The Calorie Restriction Paradox
CR mice weigh only half as much as non-restricted mice
Calorie Restriction is well established as a method for increasing the average life span of many experimental animals. If after weaning, you feed mice 40% less that what they would normally eat, the mice virtually stop growing in size. At maturity, the calorie restricted mice weigh only half as much as the mice fed a normal diet. The following chart shows the weight gain of the normally fed mice and the almost constant weight of the restricted mice:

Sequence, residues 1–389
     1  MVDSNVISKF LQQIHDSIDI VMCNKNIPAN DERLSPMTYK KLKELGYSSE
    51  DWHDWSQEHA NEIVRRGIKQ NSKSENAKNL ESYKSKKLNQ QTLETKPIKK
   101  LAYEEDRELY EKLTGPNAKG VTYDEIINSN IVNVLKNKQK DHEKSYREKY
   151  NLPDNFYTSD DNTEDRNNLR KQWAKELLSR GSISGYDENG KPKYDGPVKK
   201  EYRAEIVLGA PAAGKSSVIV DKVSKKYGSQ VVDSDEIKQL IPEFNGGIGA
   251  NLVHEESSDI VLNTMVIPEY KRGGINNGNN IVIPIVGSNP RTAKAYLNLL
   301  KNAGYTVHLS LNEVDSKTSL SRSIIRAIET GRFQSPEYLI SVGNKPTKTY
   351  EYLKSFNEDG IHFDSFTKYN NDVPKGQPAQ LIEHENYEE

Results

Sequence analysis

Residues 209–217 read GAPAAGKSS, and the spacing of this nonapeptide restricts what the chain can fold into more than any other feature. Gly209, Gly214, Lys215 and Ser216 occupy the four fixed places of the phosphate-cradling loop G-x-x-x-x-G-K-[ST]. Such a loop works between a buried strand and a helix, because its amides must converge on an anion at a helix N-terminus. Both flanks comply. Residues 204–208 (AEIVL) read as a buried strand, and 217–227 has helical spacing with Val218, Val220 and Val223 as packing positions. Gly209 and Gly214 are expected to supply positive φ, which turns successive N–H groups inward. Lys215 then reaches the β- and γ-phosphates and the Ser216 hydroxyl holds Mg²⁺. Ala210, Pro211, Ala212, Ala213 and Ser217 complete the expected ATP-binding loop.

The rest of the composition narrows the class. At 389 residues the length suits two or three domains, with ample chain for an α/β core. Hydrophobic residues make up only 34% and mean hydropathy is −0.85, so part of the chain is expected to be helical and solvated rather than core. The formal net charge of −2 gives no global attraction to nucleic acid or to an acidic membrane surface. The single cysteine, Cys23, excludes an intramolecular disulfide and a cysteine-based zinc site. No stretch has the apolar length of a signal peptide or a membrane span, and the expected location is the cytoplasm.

The non-restricted mice eat F grams of food per W grams of body weight (F/W). The restricted mice eat 0.6 grams of food per 0.51 grams of body weight (0.6 F/0.51 W). However, 0.6/0.51 is 1.18 F/W which corresponds to 18% more food per unit of body weight.
This is the paradox: How can a rodent that, on a body weight basis, eats proportionally more than the control accrue the benefits of longevity?
 Mattson, et al. "Intermittent fasting dissociates beneficial effects of dietary restriction on glucose metabolism and neuronal resistance to injury from calorie intake", Proc Natl Acad Sci USA, 2003 May 13; 100(10):6216-6220.
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